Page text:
Medical ID Cards to Identify Metal Implants for the TSA

Special Identification Not Needed for Patients With Artificial Joints

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Metal implants in the body, including joint replacements, plates, screws, and rods, can set off metal detectors at the airport. For many years, patients were given wallet-sized ID cards from their doctor to inform the security personnel of their implanted metal.

These ID cards are generally not needed, and seldom issued by physicians any longer. The reality is that security personnel will handle the fact that your implant set off the metal detector the same, regardless of whether or not you have an identification card. In the U.S., the TSA will accept a card or other medical documentation, but it will not change the way you are screened. 

Patients with pacemakers are asked (but not required) to carry an ID card, but patients with orthopedic implants, including joint replacements, do not need special identification. Again, the TSA does not discourage you carrying an identification of your implant, but it does not require that you do so, and ultimately it doesn't change the way you are screened.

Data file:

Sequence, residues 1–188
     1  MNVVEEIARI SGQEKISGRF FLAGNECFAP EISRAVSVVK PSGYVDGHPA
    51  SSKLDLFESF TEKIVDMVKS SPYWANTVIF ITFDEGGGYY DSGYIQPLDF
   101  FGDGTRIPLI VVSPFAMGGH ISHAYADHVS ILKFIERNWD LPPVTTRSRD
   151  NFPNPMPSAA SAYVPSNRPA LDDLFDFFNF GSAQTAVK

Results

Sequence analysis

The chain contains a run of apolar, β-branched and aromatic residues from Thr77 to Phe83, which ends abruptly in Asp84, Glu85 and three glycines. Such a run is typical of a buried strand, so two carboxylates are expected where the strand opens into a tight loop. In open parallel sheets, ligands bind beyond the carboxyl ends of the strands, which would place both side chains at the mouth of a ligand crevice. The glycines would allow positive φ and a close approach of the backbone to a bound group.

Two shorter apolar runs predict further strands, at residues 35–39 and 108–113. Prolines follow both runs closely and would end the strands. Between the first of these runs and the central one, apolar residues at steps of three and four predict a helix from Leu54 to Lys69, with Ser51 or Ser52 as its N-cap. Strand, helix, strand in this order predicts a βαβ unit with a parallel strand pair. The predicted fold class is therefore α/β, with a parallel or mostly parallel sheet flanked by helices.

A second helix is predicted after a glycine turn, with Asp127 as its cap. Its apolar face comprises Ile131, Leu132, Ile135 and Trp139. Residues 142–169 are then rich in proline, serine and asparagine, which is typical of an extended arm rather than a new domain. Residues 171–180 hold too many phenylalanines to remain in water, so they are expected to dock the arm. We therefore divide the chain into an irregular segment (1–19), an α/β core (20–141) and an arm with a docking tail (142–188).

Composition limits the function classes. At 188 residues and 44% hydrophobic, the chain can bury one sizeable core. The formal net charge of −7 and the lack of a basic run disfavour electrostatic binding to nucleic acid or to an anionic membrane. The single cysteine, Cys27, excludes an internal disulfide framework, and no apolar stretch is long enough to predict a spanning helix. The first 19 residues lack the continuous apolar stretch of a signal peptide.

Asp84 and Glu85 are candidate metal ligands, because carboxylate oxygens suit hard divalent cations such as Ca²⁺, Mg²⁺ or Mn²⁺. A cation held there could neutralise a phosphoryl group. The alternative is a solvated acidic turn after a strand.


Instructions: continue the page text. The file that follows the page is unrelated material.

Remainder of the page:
Setting Off a Metal Detector

If your implanted metal sets off an airport metal detector, you will be asked to proceed with a secondary screening. This may consist of using a wand or a pat-down to ensure that the metal is inside your body.  Some modern screening devices can detect these implants and prevent further screening.

It can be helpful to wear loose-fitting clothing so that you can reveal your surgical scar, however, the TSA clearly states that is not necessary. It is not required that clothing be removed or lifted to demonstrate your surgical scar.

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